2022 was a year that we entered into hopeful for a “return to normal” after the Covid years of 2020 and 2021. It was anything but normal; marked by a number of extraordinary “once every 20 to 40 years” events and circumstances.
- Russia’s invasion of Ukraine in February was a horrible way to start the year. The economic impacts were massive…but pale in comparison to the suffering and inhumanity of war.
- Inflation touched 40-year highs with the CPI reaching almost 10% and the price of many essential items (gasoline, food, and shelter) going up much more than that.
- Interest rates rose the most over the shortest period of time in our history as the Fed funds rate went from barely above zero to over 4%. Just one example of the impact: 30-year mortgage rates went from around 3% to over 7% in about six months.
Each of the items noted above had a significant negative impact on the financial markets. The stock market was down almost 20% and the bond market was down 13% for the year. The bond market performance was the worst in recorded history, and it is virtually unprecedented for both the stock and bond markets to be down that much in the same year. Speculative assets such as cryptocurrencies, NFTs, and meme stocks got crushed, and even the stocks of many large, well-known companies (Tesla, Peloton, many others) were down more than 60% for the year. Asset prices across the board were reset to reflect an inflationary, higher interest rate environment.
What are some of the takeaways and lessons learned from 2022?
- Active, professional investment management can make a big difference. The trades we made in the second half of 2021 helped our clients avoid the worst of the carnage in markets in 2022 (shifting towards value vs. growth stocks, shifting towards short term vs. intermediate or long-term bonds, and utilizing liquid alternative funds which outperformed both stocks and bonds last year).
- The importance of cash reserves, especially for retirees, was underscored in 2022. Having to sell assets to cover expenses when their values are down is not a winning proposition.
- Diversification across asset classes and an emphasis on quality is your best bet for capital preservation in difficult markets.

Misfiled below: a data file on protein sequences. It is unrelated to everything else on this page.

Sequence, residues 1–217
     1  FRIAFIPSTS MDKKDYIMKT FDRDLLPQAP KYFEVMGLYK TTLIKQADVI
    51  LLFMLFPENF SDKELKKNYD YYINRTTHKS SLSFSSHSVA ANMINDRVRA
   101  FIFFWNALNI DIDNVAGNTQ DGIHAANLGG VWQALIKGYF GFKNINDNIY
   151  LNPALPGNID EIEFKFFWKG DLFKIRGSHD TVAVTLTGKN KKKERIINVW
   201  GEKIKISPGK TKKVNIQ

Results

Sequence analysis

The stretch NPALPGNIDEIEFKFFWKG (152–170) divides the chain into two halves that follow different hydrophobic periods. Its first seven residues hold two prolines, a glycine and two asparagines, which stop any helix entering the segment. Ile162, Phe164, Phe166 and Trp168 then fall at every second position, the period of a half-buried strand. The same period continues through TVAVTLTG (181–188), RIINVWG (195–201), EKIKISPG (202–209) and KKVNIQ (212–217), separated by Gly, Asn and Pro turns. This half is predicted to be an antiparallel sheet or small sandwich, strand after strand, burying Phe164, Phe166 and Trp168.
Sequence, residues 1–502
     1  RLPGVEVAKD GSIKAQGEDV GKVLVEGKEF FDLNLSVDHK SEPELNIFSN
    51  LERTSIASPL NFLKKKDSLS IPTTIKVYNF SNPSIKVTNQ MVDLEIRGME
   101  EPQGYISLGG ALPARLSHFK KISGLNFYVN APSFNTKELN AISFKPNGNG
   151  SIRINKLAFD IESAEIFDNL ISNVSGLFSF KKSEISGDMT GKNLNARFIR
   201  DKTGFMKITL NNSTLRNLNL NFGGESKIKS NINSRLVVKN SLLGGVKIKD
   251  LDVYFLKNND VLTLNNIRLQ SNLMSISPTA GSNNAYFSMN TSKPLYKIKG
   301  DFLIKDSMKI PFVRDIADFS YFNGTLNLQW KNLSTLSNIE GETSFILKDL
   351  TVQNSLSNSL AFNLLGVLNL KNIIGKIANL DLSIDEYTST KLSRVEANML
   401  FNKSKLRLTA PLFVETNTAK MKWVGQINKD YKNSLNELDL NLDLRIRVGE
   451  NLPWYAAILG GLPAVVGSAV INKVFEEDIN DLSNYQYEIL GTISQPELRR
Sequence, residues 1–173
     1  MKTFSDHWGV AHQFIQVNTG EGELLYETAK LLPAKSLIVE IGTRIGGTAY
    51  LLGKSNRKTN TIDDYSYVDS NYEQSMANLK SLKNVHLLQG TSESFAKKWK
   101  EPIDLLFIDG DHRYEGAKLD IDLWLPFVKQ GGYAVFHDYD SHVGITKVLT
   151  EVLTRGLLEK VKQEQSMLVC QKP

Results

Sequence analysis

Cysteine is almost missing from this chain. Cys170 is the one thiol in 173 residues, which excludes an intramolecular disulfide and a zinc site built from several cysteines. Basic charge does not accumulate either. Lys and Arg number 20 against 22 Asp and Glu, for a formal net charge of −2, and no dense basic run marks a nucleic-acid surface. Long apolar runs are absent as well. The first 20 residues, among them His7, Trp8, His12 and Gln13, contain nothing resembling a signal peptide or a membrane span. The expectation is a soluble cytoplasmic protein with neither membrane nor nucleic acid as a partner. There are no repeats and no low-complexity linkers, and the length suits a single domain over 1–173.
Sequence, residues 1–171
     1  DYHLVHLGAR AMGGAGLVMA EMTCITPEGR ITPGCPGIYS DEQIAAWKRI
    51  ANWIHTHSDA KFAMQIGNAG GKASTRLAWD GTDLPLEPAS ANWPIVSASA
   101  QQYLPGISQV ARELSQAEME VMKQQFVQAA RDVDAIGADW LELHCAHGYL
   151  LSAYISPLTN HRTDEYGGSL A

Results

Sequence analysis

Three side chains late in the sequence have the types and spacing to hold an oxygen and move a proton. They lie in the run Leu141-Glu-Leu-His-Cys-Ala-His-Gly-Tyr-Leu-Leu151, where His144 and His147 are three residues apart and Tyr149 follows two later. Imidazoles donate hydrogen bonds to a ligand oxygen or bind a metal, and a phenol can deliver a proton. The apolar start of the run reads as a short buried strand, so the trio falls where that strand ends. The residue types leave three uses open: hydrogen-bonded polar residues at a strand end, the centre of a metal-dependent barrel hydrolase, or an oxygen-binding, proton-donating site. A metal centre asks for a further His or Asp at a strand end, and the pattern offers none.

- “Buyer beware” of speculative assets that lack fundamentals such as revenues, profits, and cash flow. One should only “invest” capital in those assets that you can afford to lose.
What’s the outlook for 2023?
Although we enter the year with a fair amount of uncertainty, we are cautiously optimistic. As we write this, the S&P 500 is about 20% off its highs. While it is certainly conceivable that stocks go lower while interest rates continue to go up over the next couple of quarters and as the economy and corporate profits decelerate or decline, the rate of inflation appears to be declining and we are much closer to peak interest rates than we were six months ago. Peak interest rates should be positive for the stock market. Similarly, we believe that most, but not all, of the damage has been done in the bond market. While bond prices may continue to decline in the face of higher rates, their higher yields have made investing in bonds more attractive now than it’s been in years. All in all, we can’t predict the timing but we are confident that the U.S. economy and the companies that we’re investing in will weather the storm and go on to greater heights in the next cycle.
Last of all, we want to thank all of our friends and especially our clients for their support and encouragement through a difficult year. We are super fortunate to have clients who believe in our disciplined, long-term investment strategy, and we’re proud to say that we did not have a single client who panicked during the year. We appreciate that!
Happy New Year and please let us know what we can do for you.
Matt and Andrew